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Insuring Your Seasonal Location

Published on July 7, 2020   Tips Seasonal Insurance

How Is Your Cottage Used?

Like your home, your cottage is one of your most valuable assets. How much time do you spend there? Do you use it year-round? Do you rent it out at some point during the year? The answers to these questions are important when you are considering what type of insurance coverage to buy for your cottage.

Insurers take into consideration how frequently your property is used, how often it is occupied and if it is rented to others. Most insurance companies will consider insuring your cottage only if they insure your primary residence. 

A cottage can be listed on your home insurance as a secondary or seasonal location. You also have the option of separate, stand-alone policy for your seasonal location. 


Cottage Insurance Options to Consider

There are multiple coverage options available from Fire and Extended coverage (named perils) with actual cash value to a Seasonal homeowners package with guaranteed replacement cost. Theft and vandalism, as well as replacement cost, may not be covered with your current coverage. It is best to verify with your broker for specific coverage details.

With named perils, you have insurance coverage for specific risks such as fire, explosion or smoke damage. Other coverages may be available subject to an additional premium, such as water damage, vandalism and theft. For example, if a water pipe bursts or if vandals break in while your cottage is vacant, the damage is likely to be more severe because it takes longer for damage to be discovered.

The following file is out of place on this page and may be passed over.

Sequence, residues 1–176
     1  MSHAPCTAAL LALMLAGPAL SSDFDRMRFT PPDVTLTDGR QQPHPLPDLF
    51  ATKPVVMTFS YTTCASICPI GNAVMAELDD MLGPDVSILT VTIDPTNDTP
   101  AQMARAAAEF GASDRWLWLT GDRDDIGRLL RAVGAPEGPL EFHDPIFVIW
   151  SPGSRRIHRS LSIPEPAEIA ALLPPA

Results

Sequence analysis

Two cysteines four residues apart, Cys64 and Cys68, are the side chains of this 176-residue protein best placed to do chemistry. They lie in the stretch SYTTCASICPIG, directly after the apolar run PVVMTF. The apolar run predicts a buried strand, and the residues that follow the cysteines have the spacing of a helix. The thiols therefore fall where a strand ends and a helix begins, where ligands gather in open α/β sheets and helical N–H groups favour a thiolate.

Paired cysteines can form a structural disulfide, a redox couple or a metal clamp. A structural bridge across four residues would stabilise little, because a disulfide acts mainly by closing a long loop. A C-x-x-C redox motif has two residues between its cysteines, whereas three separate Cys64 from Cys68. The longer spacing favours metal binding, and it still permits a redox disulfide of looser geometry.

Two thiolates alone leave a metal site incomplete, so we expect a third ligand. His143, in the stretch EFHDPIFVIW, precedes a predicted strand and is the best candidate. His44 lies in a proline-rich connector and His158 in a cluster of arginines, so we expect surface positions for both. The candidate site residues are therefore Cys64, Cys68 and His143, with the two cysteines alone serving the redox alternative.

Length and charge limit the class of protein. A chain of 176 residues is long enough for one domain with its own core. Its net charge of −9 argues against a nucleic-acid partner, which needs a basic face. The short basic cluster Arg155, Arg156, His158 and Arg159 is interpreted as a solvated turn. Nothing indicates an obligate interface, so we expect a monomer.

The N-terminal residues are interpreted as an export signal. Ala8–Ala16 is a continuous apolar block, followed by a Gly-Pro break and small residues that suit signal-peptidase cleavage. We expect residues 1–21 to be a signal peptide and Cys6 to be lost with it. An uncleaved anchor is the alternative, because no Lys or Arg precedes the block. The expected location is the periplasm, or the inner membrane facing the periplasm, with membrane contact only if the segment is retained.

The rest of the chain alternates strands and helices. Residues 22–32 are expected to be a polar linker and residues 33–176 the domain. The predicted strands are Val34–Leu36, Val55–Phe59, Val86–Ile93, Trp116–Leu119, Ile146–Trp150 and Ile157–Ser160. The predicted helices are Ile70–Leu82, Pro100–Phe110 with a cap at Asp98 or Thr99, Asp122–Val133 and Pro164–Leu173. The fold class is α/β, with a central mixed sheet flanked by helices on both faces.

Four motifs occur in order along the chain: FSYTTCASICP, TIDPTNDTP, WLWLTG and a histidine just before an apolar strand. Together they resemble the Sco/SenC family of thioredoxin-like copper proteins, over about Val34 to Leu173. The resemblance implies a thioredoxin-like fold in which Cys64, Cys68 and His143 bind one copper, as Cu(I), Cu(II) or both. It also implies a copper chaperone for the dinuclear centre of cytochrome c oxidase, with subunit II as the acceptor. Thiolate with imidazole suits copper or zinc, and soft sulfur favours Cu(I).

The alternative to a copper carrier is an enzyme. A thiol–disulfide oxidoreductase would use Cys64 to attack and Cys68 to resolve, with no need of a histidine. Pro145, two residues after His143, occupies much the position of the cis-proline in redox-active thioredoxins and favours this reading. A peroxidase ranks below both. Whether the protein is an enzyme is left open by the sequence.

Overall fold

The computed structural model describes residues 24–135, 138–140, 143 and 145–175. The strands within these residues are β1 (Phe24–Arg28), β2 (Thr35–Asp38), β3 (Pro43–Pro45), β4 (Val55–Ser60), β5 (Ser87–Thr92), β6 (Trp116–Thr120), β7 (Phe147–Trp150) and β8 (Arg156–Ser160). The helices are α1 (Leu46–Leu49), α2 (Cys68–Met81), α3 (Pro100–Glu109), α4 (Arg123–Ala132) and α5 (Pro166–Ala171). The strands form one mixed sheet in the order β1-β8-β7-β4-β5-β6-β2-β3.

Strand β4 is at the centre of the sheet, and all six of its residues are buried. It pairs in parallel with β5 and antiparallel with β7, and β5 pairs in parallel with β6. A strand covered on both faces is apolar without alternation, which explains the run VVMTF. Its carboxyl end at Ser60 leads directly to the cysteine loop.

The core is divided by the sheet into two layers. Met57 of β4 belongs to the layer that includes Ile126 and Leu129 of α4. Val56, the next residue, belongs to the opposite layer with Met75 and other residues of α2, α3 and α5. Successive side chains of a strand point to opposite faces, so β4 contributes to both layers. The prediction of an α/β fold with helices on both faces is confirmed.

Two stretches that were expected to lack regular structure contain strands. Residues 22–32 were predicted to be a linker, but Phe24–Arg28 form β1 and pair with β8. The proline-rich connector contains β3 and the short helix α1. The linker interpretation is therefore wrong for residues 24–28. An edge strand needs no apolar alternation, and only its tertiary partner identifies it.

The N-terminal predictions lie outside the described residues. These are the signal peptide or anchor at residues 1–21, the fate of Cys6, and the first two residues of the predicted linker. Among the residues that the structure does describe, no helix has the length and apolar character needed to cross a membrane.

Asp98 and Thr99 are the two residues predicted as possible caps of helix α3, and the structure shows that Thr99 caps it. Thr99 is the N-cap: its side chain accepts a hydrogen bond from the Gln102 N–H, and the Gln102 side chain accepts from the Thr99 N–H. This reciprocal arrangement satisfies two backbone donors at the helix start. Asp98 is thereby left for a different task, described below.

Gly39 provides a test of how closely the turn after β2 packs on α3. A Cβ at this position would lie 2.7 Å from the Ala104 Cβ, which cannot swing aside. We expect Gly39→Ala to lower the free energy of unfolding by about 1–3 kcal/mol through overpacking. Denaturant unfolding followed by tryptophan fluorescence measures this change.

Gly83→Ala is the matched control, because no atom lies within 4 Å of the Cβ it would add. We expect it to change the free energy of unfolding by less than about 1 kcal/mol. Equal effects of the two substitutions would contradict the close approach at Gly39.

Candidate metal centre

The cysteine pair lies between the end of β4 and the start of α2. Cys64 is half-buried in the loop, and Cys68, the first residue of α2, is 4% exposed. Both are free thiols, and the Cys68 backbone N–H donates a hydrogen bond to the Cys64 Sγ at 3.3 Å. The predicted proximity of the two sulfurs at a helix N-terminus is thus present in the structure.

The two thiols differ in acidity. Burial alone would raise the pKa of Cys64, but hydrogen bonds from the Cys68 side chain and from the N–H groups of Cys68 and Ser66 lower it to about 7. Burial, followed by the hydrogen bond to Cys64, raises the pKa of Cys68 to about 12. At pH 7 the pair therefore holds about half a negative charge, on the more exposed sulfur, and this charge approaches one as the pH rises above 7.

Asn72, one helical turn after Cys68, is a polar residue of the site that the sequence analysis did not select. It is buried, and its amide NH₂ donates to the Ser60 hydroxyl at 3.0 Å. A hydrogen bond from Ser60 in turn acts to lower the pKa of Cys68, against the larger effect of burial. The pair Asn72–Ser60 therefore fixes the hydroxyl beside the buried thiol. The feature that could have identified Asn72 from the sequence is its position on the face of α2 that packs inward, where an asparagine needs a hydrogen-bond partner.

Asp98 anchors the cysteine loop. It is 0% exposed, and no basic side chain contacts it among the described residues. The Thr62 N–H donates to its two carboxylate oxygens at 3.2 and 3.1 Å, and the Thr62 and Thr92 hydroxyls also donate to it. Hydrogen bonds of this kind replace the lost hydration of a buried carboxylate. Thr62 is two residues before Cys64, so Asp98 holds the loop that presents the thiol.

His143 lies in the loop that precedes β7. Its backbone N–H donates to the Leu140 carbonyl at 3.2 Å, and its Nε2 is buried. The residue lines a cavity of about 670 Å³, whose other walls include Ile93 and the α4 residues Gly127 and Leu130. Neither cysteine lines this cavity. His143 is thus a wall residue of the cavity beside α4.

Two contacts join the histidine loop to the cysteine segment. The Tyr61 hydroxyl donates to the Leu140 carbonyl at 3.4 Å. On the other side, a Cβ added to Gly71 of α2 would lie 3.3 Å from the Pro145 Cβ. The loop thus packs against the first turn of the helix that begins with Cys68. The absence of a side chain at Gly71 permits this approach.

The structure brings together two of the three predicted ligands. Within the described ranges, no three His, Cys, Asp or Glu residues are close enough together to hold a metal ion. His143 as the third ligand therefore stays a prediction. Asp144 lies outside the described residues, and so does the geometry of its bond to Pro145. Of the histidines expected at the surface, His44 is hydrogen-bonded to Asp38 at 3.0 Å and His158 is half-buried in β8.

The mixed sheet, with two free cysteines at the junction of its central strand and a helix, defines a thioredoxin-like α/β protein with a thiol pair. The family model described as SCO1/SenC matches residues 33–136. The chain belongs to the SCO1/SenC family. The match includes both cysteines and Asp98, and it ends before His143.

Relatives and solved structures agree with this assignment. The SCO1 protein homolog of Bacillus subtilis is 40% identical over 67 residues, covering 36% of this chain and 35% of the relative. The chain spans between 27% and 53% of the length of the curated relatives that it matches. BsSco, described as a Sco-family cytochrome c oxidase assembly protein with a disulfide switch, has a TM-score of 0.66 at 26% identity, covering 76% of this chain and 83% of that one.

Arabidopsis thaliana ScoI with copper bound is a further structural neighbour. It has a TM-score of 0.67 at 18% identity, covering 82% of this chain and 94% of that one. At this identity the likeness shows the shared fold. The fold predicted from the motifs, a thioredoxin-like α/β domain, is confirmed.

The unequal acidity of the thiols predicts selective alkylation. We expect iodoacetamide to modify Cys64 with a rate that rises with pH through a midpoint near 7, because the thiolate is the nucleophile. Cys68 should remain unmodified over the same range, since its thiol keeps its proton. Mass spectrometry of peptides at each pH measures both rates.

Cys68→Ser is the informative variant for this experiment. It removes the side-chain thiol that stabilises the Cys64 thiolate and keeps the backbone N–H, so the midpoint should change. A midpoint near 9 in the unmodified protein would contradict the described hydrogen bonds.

Another item to consider is the limits of insurance. If you are underinsured, you can be subject to a co-insurance penalty on a partial loss.


Be Aware of What is Not Covered

For cottage insurance policies, common exclusions include coverage for septic backup and flooding, fuel oil release, earth movement (e.g., Earthquake) and damage to, or loss of:

• Motorized vehicles

• Campers or trailers

• Buildings used for business or farming purposes.


Additional Coverages to Consider

Contents. Some insurance packages automatically include contents up to a certain limit. This coverage applies to contents permanently kept at the vacation home. Anything you take back and forth – such as clothing – is covered by your primary home insurance policy. If this coverage is inadequate, additional coverage may be purchased.

Detached private structures. Some insurance packages include limited coverage for outbuildings such as boathouses, garages or sheds. If this coverage is inadequate, additional coverage may be purchased.

Watercraft. Coverage for recreational properties often limits coverage watercraft. It is recommended that these be insured on a stand-alone specialized policy. 

Short Term or long term rentals must be reported to your broker.

If you aren’t sure if you have adequate coverage on seasonal property, call your local branch and speak to one of our insurance professionals.

Insurance Bureau of Canada ...

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